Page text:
Brick Town Talk

Flexible Track 8867

44 posts in this topic

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My Flexible Track arrived this morning.

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The track can also flex up and down as well as side to side which would be ideal for a roller coaster.

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Edited by TheBrickster

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Due to the tracks flexibility we should be able to make hills and dips in train layouts right? Nice mini review :thumbup: .

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I got a box with the Emerald Night Collection and was impressed by the length supplied, but it's a bit noisy and the engine rocks about on it at speed. I'll use what I've got, but won't be buying more.

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I got a box with the Emerald Night Collection and was impressed by the length supplied, but it's a bit noisy and the engine rocks about on it at speed. I'll use what I've got, but won't be buying more.

To tell you the truth, I'm not impressed with the new flexible track, looks wierd, not scale at all and am not sure it its compatable with the 9v/rc tracks.

Also people say it's noisy and unstable at speed. I won't be bothering with it. My new Emerald Night runs on 9V track.

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In the catalogue it says "Hard to find", so I think that's online, Lego brand retail and some other places.

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Yeah, I checked out your review @ Brick Town Talk. Thanks for posting that!

Obviously, the flexible track is really a nice addition and not just an ugly unrealistic unballastalbe new part, as some train fans have called it.

I shudder at the thought of the G-force horrors minifigs will have to endure after the introduction of these... (think rollercoaster tycoon :tongue: )

P.S.: I just noticed that these new rails' size also makes them PERFECT for tramway layouts... I guess I should really consider investing in some of those.

Edited by TheOtters

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The flexible track is a great addition to the usual tracks. It should get around the one limitation I've always seen in the train system, the inability to make ramps and spread out the track layout in all 3 dimensions without using a ton of space (this is actually why I preferred monorails over trains many years ago). At the same time though, it's no replacement for the existing track. If used exclusively, it would indeed look ugly and unstable.

Edited by CP5670

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The flexible track is a great addition to the usual tracks. It should get around the one limitation I've always seen in the train system, the inability to make ramps and spread out the track layout in all 3 dimensions without using a ton of space (this is actually why I preferred monorails over trains many years ago). At the same time though, it's no replacement for the existing track. If used exclusively, it would indeed look ugly and unstable.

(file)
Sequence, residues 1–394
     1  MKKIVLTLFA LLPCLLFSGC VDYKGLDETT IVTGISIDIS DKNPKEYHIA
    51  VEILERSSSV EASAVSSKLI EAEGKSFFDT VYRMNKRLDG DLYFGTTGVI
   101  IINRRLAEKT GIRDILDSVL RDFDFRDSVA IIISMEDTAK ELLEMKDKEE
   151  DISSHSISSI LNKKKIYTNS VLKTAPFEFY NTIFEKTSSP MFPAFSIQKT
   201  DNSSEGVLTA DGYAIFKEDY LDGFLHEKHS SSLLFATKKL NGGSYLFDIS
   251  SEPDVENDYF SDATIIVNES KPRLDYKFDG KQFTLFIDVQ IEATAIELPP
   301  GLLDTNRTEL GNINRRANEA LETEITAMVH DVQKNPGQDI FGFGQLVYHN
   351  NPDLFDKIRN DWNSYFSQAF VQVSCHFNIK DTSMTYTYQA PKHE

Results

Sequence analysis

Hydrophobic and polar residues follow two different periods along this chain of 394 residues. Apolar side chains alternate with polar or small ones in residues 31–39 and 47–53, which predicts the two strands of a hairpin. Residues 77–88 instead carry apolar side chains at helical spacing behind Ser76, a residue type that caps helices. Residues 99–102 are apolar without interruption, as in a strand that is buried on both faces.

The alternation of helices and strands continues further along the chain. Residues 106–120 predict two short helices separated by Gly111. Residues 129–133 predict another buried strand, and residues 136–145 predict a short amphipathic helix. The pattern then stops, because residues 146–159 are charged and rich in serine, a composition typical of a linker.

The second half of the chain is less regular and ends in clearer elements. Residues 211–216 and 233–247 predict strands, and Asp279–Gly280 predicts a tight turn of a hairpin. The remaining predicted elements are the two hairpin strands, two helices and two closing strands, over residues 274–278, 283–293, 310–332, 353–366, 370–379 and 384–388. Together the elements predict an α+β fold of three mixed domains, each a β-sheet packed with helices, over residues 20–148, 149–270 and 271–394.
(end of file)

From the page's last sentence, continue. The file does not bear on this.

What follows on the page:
Looking at the flexible tracks, I absolutely hate it! Apart from the asthetics, not very stable. Sort of going into Duplo area - making it easier. Give me the 12v and 9v track anyday.

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Looking at the flexible tracks, I absolutely hate it! Apart from the asthetics, not very stable. Sort of going into Duplo area - making it easier. Give me the 12v and 9v track anyday.

Well, as I said, the issue is not with the flexible track itself, but how you use it in a layout. An entire layout made of flexible track would look terrible, but using it only for ramps is ideal. You cannot make proper 3D layouts with traditional track without filling up an entire room.

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Well, as I said, the issue is not with the flexible track itself, but how you use it in a layout. An entire layout made of flexible track would look terrible, but using it only for ramps is ideal. You cannot make proper 3D layouts with traditional track without filling up an entire room.

I don't understand what you mean by proper 3D layouts when it comes to traditional, full-scale trains. Regular track never has steep grades, except maybe for the hump in a rail yard used for assembling trains. In mountainous terrain, for example, changes in altitude are not solved with ramps but rather large spirals to gradually increase height.

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The only thing I might have a problem is the radius of turns I'll make and the grades of the hills for my longer trains can make it up.

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I don't understand what you mean by proper 3D layouts when it comes to traditional, full-scale trains. Regular track never has steep grades, except maybe for the hump in a rail yard used for assembling trains. In mountainous terrain, for example, changes in altitude are not solved with ramps but rather large spirals to gradually increase height.